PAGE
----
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  1. "The Picture of Causality"
    Performance video installation (installation view)

    Performed on 15th October, 2017 at Mengi, Reykjavik, Iceland
    As part of Sequences Art Festival.




    Working at the intersection of sculpture and performance, Florence Lam isolates, decontextualizes, and prolongs everyday actions. Her works test abstract ideas about perception, such as the materiality of time and weight, or the ways in which social conduct is communicated. In I choose to sleep (2016), for example, Lam slept in the gallery and observed how viewers responded to her sleeping body. For Gravity (2017), she undressed in front of an audience and ate apples until she returned to her clothed body weight. These performances are substitutions that require the audience to suspend their disbelief in order to resolve the work. They also test the materiality of the artist herself—what composes her body, how does it change over time, and how should one react to her corporeal presence?

    With The Picture of Causality (2017), Lam looks specifically at language as a material that may constitute or structure experiences of time. The Hindu or Buddhist concept of “karma” is traditionally tied to reincarnation, as an explanation of how one’s actions in the present may influence, or be influenced by, one’s past and future. Lam excavates the meaning and potential of karma by analyzing how it is written in Chinese characters, which are largely pictorial. For her performance, which combines text, projections, and live commentary, Lam excavates the many layers of meaning that reside within the Chinese word for “karma” or “causality,” which is written as a combination of two words: cause/reason and effect/consequence. Lam draws further significance from these words and their component parts in her performance, in which the characters are projected as constellations and she, along with Icelandic students who are learning Chinese, describe the poetics of these linguistic and embodied expressions.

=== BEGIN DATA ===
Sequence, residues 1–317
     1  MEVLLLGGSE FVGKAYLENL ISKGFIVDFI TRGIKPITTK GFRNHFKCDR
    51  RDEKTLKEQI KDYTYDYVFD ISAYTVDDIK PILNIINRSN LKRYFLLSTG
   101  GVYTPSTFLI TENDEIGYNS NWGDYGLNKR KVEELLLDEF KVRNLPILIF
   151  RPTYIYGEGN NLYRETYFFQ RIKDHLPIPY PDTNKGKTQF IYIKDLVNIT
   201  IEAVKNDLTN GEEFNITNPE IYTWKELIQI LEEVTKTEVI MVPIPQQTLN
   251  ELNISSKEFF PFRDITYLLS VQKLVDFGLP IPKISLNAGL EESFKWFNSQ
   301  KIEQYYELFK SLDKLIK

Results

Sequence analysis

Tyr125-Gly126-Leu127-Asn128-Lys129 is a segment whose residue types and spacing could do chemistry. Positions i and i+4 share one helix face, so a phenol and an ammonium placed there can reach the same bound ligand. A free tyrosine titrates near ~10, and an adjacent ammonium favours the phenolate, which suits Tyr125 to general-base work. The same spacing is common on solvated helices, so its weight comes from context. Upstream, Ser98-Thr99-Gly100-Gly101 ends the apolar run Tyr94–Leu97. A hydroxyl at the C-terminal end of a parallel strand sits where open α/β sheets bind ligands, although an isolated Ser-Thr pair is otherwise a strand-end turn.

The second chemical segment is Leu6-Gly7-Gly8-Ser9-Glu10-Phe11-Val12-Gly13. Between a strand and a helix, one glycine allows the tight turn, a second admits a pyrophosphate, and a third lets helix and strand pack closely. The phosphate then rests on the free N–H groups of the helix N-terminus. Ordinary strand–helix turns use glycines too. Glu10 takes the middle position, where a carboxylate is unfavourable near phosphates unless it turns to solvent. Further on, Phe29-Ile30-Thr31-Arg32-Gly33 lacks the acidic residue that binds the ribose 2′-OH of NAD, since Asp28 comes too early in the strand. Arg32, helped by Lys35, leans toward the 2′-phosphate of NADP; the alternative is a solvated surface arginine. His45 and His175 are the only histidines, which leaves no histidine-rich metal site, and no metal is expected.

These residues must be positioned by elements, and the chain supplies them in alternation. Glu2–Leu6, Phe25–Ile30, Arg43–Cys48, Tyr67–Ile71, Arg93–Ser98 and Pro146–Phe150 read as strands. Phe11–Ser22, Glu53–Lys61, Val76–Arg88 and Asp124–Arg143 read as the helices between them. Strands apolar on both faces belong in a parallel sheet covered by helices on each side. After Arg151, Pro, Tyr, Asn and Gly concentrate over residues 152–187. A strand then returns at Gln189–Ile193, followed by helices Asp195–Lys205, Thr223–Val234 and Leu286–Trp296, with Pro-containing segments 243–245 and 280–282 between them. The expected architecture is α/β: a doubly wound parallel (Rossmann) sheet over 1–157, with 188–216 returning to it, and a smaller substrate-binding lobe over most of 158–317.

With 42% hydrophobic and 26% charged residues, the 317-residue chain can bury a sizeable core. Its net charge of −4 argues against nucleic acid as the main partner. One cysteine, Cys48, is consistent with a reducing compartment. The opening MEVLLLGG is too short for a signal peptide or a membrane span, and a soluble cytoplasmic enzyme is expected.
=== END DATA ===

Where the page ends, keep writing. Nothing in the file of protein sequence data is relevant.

- Curatorial text by Margot Norton, Curator of Sequences Art Festival